Public gives input on proposed Cahaba Beach Road project

Published 10:57 am Wednesday, October 18, 2017

VESTAVIA HILLS – Residents studied the four proposals still under consideration for the extension of Cahaba Beach Road in North Shelby County and had submitted their opinions at a public involvement meeting on Tuesday, Oct. 17, at Liberty Park Middle School.

The project would connect U.S. 280 in Shelby County to Sicard Hollow Road near the Liberty Park development.

Supporters say the project would alleviate traffic on U.S. 280 and provide another route to the busy corridor for Liberty Park residents, but others maintain the road would harm the environment around Little Cahaba River, a primary tributary of the Cahaba River, which supplies drinking water for Birmingham.

Alabama Department of Transportation East Central Region Engineer DeJarvis Leonard said decisions about the project would be based on comments from the public.

“The purpose of this meeting is to get individuals to give us feedback on what they would like to see,” Leonard said. “The comments will drive the process.”

Cahaba Beach Road, which on its southern end is an extension of Valleydale Road across U.S. 280, is paved to Swan Drive but then becomes a dirt road.

The road ends at Little Cahaba River at a bridge that has been closed since the 1990s.

The northern part of Cahaba Beach Road begins at Sicard Hollow Road and runs south to the river.

Shelby County has partnered with Alabama Department of Transportation for engineering and environmental studies related to the project.

Four alternates for the route were presented at the meeting.

The northernmost route (Alternate 2-A) loosely follows the existing Cahaba Beach Road.

The southernmost routes (Alternates 5 and 5-B) would connect with Sicard Hollow Road near The Cotswolds.

The alternates range from requiring 8,445-11,105 feet of roadway and 290-869 feet of bridge over Little Cahaba River.

Carla Chambers, a resident of Liberty Park whose husband owns office space off Cahaba Beach Road, said the project would prevent the couple from traveling all the way to Interstate 459 and then down U.S. 280.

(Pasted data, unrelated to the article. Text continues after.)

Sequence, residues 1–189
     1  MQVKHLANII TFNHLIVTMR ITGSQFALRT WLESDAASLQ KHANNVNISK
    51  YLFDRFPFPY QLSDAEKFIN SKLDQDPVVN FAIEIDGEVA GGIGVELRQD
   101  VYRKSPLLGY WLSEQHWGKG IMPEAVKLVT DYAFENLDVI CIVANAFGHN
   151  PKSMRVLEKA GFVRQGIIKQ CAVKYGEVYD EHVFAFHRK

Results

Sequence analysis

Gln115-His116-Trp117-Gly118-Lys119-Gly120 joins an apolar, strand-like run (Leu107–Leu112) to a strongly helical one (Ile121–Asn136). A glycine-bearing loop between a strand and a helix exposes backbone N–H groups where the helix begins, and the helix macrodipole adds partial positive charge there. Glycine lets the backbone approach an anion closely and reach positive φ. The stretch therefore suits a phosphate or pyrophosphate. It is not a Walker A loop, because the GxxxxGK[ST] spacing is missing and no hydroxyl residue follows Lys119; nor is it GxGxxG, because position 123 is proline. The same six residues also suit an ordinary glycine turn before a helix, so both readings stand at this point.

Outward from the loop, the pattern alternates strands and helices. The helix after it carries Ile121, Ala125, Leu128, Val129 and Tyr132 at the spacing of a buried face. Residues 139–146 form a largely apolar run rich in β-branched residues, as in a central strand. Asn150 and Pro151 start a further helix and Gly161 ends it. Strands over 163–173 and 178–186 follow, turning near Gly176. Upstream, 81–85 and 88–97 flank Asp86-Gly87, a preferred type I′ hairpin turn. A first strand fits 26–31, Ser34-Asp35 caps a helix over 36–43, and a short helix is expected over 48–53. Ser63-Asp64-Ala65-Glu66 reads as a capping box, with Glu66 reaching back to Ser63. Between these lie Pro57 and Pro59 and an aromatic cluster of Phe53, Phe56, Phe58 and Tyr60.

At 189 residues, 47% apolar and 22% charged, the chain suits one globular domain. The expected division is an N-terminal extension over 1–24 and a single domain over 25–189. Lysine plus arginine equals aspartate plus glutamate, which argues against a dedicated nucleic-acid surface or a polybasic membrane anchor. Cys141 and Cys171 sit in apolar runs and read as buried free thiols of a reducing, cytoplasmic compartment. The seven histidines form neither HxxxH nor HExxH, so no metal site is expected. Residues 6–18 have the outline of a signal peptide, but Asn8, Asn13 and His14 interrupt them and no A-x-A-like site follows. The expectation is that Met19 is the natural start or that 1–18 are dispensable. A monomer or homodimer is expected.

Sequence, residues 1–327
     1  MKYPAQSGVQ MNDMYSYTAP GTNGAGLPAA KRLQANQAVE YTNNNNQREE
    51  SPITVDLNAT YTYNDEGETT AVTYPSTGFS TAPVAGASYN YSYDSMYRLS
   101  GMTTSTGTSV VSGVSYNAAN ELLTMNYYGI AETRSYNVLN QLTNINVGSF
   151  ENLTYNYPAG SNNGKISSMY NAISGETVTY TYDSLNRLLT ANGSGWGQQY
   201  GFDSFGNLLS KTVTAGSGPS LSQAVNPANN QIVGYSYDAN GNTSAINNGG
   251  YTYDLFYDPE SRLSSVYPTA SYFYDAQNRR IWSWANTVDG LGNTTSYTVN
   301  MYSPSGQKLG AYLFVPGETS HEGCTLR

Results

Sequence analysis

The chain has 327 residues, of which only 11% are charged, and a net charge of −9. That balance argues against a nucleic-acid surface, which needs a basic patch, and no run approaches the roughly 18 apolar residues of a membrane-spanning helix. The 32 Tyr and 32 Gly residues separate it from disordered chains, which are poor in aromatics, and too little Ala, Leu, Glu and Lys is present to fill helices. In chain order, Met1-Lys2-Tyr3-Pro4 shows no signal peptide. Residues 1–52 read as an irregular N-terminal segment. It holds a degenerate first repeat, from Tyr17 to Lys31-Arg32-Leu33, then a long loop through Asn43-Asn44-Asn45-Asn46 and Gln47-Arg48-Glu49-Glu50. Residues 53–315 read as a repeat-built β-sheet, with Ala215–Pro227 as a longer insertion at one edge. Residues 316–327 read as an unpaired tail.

“I think we need something that addresses everyone’s concerns,” Chambers said. “There has to be a way.”

But a group of people who attended the public involvement meeting to campaign against the project said there is only one acceptable outcome: “no build.”

“We don’t want to see another bridge built over the river,” said Marjorie Jones, who lives off Sicard Hollow Road.

Jones was one of a number of people who wore stickers that stated “No Build: Save B’ham’s Drinking Water.”

The group has environmental concerns about the project and thinks it would make traffic worse.

“These are legitimate concerns,” Jones said.

Leonard said any construction would comply with National Environmental Protection Act regulations.

“We have a mandate not to affect the water system,” Leonard said.

Meeting attendees were given an information packet with a project overview, map of the route alternatives and a comment form.

The comment form asked for the person’s interest in the project, opinion of the project, alternate preference and comments or suggestions.

Attendees could also study larger maps that were mounted around the school’s cafeteria and ask questions of officials involved with the project.

After the public comments are gathered and analyzed, a proposal will be formed, Leonard said, which could be the “no build” option.